Jewish First Responders Offer Aid Following Key Bridge Collapse

From left: Rabbi Chesky Tenenbaum and Gov. Wes Moore (Courtesy of JUSA-Chabad)

The collapse of the Key Bridge and the presumed deaths of six construction workers who were on the bridge when it fell — two of their bodies have since been recovered — have sent shockwaves through Baltimore.

The tragedy, which occurred on March 26 when the cargo ship Dali collided with one of the bridge’s pillars, led Baltimore Mayor Brandon Scott to issue a state of emergency as local officials and law enforcement investigate the collapse and organize a cleanup of the wreckage.

In addition to the victims and the elected officials who are unraveling how the collapse happened and how to deal with it, public attention has turned to the first responders and aid workers who arrived on the scene and have been helping since then. From the police officers who closed the bridge to traffic before it collapsed to the EMTs who transported a recovered survivor to the hospital, to even the divers who have been searching the wreckage for the victims’ bodies, Baltimore residents have been showing their support for these first responders who acted so quickly in response to the disaster.

Among these first responders are a few Jewish Baltimoreans who recounted their experiences with and reflections on the Key Bridge collapse. One of the chaplains who arrived to offer support to the families of the victims was Rabbi Chesky Tenenbaum, law enforcement chaplain and director of the Jewish Uniformed Service Association of Maryland-Chabad.

“I was shocked. It definitely brought back some memories of 9/11 when I first found out,” Tenenbaum said of his initial reaction. Tenenbaum previously recounted his experience watching 9/11 unfold in a Jewish Times profile. “Being there during tragedies like this is definitely one of the harder parts of being a chaplain, but just being there is a comfort.”

The families of the victims primarily spoke Spanish, so Tenenbaum and the other chaplains on the scene communicated with them via an interpreter. None of the families are Jewish, but chaplains from across the religious spectrum still arrived to offer moral support.

Tenenbaum said that even if there is no shared Jewish identity between him and the victims, just being there as a chaplain can make a world of difference.

“You don’t always have to say something. Just being there gives them strength,” he said. “My line that I always use is that God can give them the strength they need in these trying times.”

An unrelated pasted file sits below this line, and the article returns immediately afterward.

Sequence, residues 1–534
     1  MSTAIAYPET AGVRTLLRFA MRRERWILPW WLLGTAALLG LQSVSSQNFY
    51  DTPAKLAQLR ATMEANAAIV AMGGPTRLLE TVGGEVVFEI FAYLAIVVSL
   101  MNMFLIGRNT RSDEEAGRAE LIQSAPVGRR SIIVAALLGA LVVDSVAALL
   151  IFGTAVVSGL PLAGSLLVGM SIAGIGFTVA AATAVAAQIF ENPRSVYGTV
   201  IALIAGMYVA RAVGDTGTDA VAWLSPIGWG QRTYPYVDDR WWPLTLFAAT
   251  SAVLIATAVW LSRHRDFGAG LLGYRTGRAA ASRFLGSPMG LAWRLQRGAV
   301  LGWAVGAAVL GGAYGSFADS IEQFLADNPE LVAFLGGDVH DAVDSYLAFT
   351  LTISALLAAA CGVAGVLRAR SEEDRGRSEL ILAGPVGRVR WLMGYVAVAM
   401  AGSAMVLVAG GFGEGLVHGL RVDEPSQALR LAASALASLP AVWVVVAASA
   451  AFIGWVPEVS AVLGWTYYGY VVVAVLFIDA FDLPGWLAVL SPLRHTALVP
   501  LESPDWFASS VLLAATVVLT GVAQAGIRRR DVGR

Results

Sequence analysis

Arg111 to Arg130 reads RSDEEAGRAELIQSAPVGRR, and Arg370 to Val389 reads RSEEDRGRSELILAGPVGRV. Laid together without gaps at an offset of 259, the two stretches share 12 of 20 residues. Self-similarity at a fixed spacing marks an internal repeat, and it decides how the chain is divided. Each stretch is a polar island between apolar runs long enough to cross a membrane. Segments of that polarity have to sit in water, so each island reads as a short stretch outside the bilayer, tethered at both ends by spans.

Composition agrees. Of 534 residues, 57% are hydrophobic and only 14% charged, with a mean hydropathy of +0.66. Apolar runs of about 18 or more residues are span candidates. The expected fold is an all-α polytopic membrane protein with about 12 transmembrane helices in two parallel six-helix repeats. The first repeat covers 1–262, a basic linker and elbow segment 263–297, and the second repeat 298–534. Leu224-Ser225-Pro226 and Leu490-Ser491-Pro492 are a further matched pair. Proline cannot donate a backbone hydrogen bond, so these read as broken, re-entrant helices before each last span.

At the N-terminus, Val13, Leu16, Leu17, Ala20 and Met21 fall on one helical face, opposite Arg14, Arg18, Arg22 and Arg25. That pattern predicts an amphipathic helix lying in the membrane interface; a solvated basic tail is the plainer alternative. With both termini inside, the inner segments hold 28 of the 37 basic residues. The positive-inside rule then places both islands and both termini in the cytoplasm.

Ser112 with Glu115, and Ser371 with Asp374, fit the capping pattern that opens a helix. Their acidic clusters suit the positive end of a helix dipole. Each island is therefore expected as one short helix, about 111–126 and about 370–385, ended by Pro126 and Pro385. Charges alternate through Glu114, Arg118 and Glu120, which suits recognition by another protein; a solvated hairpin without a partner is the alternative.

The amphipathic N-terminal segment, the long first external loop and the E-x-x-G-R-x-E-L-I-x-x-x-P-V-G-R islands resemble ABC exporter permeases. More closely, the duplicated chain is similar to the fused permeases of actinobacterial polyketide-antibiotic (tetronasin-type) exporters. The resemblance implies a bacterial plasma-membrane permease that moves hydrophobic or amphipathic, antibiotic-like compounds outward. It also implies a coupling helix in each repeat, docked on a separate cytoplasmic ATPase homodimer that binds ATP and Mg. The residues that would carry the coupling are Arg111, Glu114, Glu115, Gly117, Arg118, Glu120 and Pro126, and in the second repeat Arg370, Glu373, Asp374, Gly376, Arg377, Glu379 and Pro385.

After comforting the families, Tenenbaum went to the Maryland Transportation Authority Police headquarters and spoke with several first responders, giving them spiritual support and thanking them for their work. He also met Maryland Gov. Wes Moore, who took a moment to pray for the victims with him.

He added that as the head of JUSA-Chabad, he has received calls from concerned citizens asking how they can help in the face of such a tragedy. Tenenbaum noted that one of the best things people can do is to support their local first responders.

“It was special being there with people who are basically heroes. I was talking with one of the first responders about the miracle that occurred as well, that they were able to close the bridge in time,” he said. “Many more lives could have been lost.”

One of the first responders called to the scene of the collapse was Avi Schulman, a firefighter and EMT. Schulman, along with the other members of his department, was tasked with setting up a command meeting area for other first responders. They brought special equipment, including lighting, tables and chairs and body bags, to the scene for easy access.

“When the sirens went off, I slid down the fire pole and saw my captain running towards the apparatus,” he recalled. “I asked him what the call was, and he said, ‘A boat hit the bridge.’ I was confused, because [our department] is in a totally landlocked area; we even have to bring our own water to fires. But then we made it to the actual site.”

Schulman has not been back to the collapse site since that first day, but he noted that the show of support his fellow first responders have received is heartening.

“What stood out to me was how the community in that area helped out. The entire community brought food to the first responders,” Schulman said. “We had people show up bringing Dunkin’, and even some people who brought crab. Everyone’s just doing their best and trying to help.”

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